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sharbear84 Mar 27th, 2012 01:22 PM

Marrakech Trip Report
Just got back from a long weekend in Marrakech.....some thoughts and a link to my blog for photos. I will be posting more tomorrow.

"That is Marrakech." It is a phrase people use there when there is nothing else to say - when you notice the contradictions, the contrasts between old and new, the idiosyncrasies that make this place what it is.
Nothing encompasses the phrase more than this photo (see blog) Taken outside the medina, it encapsulates and explains Marrakech in one image. After all, Marrakech is both the ancient walled city (the medina) and the swanky jet-setter resort destination, in one day you can hear the call to prayer throughout the medina and an elegant jazz trio at a posh hotel.
Marrakech, and I imagine this applies to the rest of Morocco as well, is not an easy place to visit. It is not a place to sit-back and relax and be a passive tourist. It requires you to actively engage with people, with your surroundings, and with things that can try your patience. It is loud, chaotic, dusty, and the people can be aggressive. You constantly have to jump out of the way of speeding motorbikes (and donkey carts), fend off people trying to sell you something you don't want, and ignore the malnourished stray cats. At the same time, the city is enchanting; the colors are bright, the smells of slow-cooked lamb tagine and piles of spices surround you, and mint tea is offered unexpectedly as a sign of friendship.

If you go to Marrakech, I recommend that you let yourself get lost in the souk, the marketplace. Just wander. Say no thank you to the shopkeepers who call to you, but don't be afraid to look when they tell you "no obligation to buy" (this seemed to be one of the few english phrases every shopkeeper knew). Be respectful about not taking photos of people without asking first, but as you'll see here, we took lots of photos of the goods for sale. Make sure, in your wandering, that you head down the dimly lit alleys, the ones where you don't see any tourists. There you will find Moroccans making what they sell - carving the wood to make the animal figurines, cutting leather for purses, hammering hot iron to form lanterns. Another thing that may strike you is the way stores selling the same items are all grouped together - ten shoe stores in a row, twenty leather stalls, etc.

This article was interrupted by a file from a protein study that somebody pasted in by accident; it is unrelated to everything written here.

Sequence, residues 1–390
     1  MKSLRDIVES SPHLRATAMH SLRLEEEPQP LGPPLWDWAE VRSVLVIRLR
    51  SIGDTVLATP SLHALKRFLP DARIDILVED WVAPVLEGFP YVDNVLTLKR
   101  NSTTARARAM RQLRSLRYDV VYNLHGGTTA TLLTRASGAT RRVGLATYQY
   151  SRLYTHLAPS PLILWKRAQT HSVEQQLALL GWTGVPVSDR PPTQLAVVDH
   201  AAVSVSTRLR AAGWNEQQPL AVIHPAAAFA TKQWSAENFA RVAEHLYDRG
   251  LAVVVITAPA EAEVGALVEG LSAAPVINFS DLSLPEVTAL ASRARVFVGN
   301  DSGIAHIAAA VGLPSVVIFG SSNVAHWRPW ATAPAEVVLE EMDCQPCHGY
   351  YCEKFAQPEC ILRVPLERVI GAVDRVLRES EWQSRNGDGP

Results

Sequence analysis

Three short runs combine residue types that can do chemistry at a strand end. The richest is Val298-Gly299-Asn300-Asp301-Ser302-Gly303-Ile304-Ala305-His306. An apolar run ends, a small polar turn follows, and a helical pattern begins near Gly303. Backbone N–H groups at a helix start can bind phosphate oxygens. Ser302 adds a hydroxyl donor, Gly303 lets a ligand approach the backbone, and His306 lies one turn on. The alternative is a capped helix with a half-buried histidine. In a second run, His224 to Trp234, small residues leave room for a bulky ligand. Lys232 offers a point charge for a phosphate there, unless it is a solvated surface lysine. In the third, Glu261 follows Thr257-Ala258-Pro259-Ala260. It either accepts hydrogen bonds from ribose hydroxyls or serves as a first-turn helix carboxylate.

planetraveller Mar 27th, 2012 02:52 PM

Thanks for sharing your trip report here, it's very informative, you have a nice pictures too.

Interpid Mar 28th, 2012 04:09 AM

Had fun going through your report, hopefully this trip will pave the way for another trip beyond Marrakech.

thursdaysd Mar 28th, 2012 05:00 AM

Nice summary!

sharbear84 Mar 28th, 2012 10:19 AM

And here is more:

sharbear84 Mar 29th, 2012 12:39 PM

More from morocco - trip to the Ourika valley in the Atlas mountains:

Sabinoalvino Apr 2nd, 2012 02:15 AM

Hii, It is really nice experience, Morocco is one of the countries, I wish to discover one day, Thanks for your great post :)

TravelinFeet Apr 3rd, 2012 12:51 PM

NOT SO lol. I have been traveling all o er Morocco and will have much towritewhen I get back. The one thing that is clear, however is that Mk is nothing like the rest of the country.

This is a truly foreign land in ways that have nothing to do with snakes and the opportunities are endless including to help the truly working poor and probably to grow rich.

But Mk is the one place that natives tell you to avoid and for whichthey apologize the moment tbe name is mentioned.
Will write more once imback butfor the moment let me just say thatwhile prevarication is a way of life (which we shouldnt judge, after all we are in THEIR country) I have found that people are open and charming and helpful even tho. very very poor (once you are out of the shopping medinas)..

And the camel ride in the desert is fabulous! Simply not to be missed ( but try to go just with your own group so u can experience the silence)

Note to Ian: will have much to tell on return. NOplace is as per the books! You probably don't want to skip Fez.

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